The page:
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Latest amendments to the Code of Conduct – How will they affect you?

The Securities and Futures Commission (SFC) issued its conclusions on its proposals in relation to the establishment of a financial dispute resolution centre and to amend the Code of Conduct (Code) on 21 May 2012 and the conclusions are available on the SFC website.

On 19 June 2012 the SFC released the revised version of the Code.

The SFC received 27 written submissions in response to its consultation paper. Please refer to the December 2011 issue of our newsletter for a discussion on the consultation paper.

The SFC made 13 specific proposals. They will proceed with seven of them as originally proposed, four will be adopted but with a more limited scope in an effort to address industry concerns and the SFC has agreed to shelve the other two proposals for now.

The most contentious change is the imposition of a new obligation to report suspected market misconduct offences by clients to the SFC.

For now it will not be necessary to notify the SFC upon receipt of a complaint to the Financial Dispute Resolution Centre Ltd (FDRC) but the SFC has expressly reserved its position and “may consult again if there are difficulties in resolving any regulatory issues arising in relation to disputes handled by the FDRC”. The SFC will not require IP address records to be kept although the SFC says it “encourages all firms to retain IP addresses wherever possible to ensure that its online transaction facilities are not a vehicle for market misconduct”.

The bulk of the substantive amendments will not come into effect until 1 December 2012 so SFC licensees and banks (intermediaries) should have plenty of time to update their Compliance Manuals and any internal procedure documents as well as conduct relevant training before then. However, the amendments relating to the establishment of the FDRC came into effect on 19 June 2012.

Obligation to report suspected market misconduct by clients to SFC

Section 12.5 of the Code will be supplemented by the addition of a new paragraph (f) under which intermediaries will have to report any clients they suspect of market misconduct to the SFC immediately.

The market was concerned that this requirement would conflict with their duty of confidentiality to clients and that it would damage their client relationships. The SFC dismissed these concerns and noted that the duty of confidentiality can be overridden in appropriate circumstances.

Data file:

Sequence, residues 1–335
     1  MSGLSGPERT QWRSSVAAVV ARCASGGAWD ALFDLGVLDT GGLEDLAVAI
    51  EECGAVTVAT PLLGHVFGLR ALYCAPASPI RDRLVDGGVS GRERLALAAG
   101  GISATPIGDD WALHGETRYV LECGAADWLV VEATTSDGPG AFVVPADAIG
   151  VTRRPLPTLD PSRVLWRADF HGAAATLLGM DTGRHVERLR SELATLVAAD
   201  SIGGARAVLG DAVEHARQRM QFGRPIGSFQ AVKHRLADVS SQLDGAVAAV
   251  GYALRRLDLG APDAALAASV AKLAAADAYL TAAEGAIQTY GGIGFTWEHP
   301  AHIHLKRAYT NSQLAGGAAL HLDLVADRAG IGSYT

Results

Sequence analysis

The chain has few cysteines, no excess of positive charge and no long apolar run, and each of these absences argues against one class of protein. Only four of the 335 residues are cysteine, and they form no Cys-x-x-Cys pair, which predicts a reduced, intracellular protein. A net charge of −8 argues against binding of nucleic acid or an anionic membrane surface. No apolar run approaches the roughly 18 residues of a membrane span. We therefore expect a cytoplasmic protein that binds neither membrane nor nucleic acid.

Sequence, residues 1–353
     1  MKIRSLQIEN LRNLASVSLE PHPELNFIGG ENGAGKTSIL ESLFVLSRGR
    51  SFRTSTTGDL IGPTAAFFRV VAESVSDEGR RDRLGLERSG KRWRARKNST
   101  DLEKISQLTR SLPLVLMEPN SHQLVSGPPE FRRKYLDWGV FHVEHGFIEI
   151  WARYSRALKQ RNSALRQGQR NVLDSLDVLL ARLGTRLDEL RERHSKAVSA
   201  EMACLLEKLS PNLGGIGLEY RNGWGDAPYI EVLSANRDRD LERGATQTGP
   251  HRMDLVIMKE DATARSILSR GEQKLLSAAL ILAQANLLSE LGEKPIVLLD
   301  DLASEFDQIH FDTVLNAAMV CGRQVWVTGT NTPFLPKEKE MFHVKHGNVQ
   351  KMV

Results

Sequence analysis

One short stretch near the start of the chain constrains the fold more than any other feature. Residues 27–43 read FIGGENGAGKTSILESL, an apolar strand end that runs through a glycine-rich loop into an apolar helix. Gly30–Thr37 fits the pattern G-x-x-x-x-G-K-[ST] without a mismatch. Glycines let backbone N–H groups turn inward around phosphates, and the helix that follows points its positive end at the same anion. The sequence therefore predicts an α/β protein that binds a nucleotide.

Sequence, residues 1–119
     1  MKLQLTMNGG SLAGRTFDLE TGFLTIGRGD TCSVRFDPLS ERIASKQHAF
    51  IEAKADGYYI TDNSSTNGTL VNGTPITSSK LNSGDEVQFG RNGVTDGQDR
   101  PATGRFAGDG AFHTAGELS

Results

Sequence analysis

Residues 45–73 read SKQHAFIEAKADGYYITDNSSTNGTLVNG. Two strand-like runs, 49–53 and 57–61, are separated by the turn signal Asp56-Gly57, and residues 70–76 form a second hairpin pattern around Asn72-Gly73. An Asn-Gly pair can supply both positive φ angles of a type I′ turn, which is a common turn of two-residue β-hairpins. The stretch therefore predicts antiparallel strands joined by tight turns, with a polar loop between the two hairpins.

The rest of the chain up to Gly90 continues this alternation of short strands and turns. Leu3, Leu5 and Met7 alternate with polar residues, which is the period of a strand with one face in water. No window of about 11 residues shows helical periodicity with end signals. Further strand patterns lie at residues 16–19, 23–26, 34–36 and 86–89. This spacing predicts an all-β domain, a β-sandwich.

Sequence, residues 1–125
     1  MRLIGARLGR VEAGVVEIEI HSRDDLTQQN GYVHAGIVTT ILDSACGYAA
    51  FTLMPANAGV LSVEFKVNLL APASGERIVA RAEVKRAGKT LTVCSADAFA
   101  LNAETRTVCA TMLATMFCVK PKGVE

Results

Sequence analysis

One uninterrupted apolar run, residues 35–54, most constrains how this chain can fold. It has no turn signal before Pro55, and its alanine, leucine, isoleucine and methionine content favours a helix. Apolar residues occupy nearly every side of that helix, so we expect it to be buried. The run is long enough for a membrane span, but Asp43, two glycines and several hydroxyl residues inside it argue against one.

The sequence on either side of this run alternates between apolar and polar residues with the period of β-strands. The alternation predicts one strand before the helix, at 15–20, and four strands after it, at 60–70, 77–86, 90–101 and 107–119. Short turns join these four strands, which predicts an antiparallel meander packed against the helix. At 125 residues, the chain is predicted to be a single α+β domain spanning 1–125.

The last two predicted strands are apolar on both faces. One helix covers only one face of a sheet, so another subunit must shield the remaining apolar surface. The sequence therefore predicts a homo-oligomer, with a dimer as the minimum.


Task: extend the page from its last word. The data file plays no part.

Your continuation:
The SFC also confirmed that as a result of this change, concurrent reports would have to be made to the SFC and the Joint Financial Intelligence Unit under Hong Kong’s anti-money laundering legislation.

The SFC stated in the conclusions that they “do not require firms to conduct any investigation or make any decision on whether or not a client has been guilty of misconduct …[they] simply require firms to report the facts or matters indicating that a client may be guilty of misconduct … [There is] no duty on firms to report clients … based merely on unsupported speculation or vexatious comment”.

Finally, the SFC noted specifically in the conclusions that a fund investor would be considered a client of a fund manager for these purposes.

Financial Dispute Resolution Centre Ltd and how to handle complaints moving forward

The SFC’s stated preference is for intermediaries to resolve client complaints internally where possible but when their internal complaints procedures fail to resolve matters, intermediaries will now need to resolve the dispute through the Financial Dispute Resolution Scheme (FDRS) should customers chose to do so.

In connection with the establishment of the FDRC, two new paragraphs have been incorporated into the Code as follows:

  • Paragraph 12A – Intermediaries are obliged to comply with the FDRS in full and will be bound by the dispute resolution processes under the FDRS
  • Paragraph 12.6 – Intermediaries will have to make honest and diligent disclosure before mediators / arbitrators and render all reasonable assistance to the FDRS.

When an intermediary receives a complaint, it must:

  • properly review the subject matter of the complaint;
  • if the subject matter of the complaint relates to other clients or raises issues of broader concern, take steps to investigate and remedy such issues; and
  • if the complaint cannot be resolved internally, inform the client of the client’s right to refer the complaint to the FDRC.

Order recording

Intermediaries will be obliged to have a written policy banning the use of mobile phones for taking orders when staff are at work. The retention period for telephone recordings will be increased from three to six months. The use of mobile phones for order taking offsite will continue to be “discouraged” and anyone taking an order over a mobile phone will need to record the order on their firm’s recorded telephone system immediately. Intermediaries which still permit the use of mobile phones for order taking will therefore need to make some adjustments to their systems.

Third party authorizations to be in writing

Third parties will need to produce written authorization from the client to effect transactions on the client’s account (where this is not already happening).

Providing expert witness service to the regulator

Intermediaries may not, without reasonable excuse, prevent their staff from providing expert witness services to Hong Kong regulators. The SFC “reiterated” that the objective of the change “is not to impose a positive obligation on firms to make their employees available as expert witnesses to the SFC or the HKMA”. In other words the SFC wants to ensure that employees who can and wish to, are not unreasonably prevented from doing so.

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